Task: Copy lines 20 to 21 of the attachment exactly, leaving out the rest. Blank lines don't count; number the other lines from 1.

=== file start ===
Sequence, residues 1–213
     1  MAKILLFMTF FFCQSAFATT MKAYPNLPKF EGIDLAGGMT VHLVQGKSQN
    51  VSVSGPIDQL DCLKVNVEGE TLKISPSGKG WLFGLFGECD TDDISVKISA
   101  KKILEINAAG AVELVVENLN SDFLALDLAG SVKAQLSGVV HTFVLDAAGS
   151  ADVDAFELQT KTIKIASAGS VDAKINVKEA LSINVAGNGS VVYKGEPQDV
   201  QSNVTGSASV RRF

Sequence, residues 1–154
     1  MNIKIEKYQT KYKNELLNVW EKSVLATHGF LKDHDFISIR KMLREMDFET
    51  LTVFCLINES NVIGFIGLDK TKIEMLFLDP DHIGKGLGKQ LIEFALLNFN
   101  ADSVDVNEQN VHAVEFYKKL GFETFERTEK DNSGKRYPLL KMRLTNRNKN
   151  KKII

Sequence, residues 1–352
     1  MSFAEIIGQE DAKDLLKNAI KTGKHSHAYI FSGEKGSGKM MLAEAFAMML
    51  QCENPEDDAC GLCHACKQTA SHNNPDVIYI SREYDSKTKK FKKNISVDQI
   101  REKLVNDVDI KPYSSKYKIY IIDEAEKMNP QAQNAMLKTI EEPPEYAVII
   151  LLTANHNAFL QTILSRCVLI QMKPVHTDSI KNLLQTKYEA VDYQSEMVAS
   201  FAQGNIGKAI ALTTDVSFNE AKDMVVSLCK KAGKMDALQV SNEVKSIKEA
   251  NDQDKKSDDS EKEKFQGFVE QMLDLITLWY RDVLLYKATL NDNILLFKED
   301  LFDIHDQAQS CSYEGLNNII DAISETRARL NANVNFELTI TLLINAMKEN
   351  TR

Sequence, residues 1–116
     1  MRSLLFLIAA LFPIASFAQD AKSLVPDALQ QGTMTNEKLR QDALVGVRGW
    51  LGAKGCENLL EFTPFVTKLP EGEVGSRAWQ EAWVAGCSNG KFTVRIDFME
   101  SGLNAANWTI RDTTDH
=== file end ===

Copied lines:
   351  TR

Sequence, residues 1–116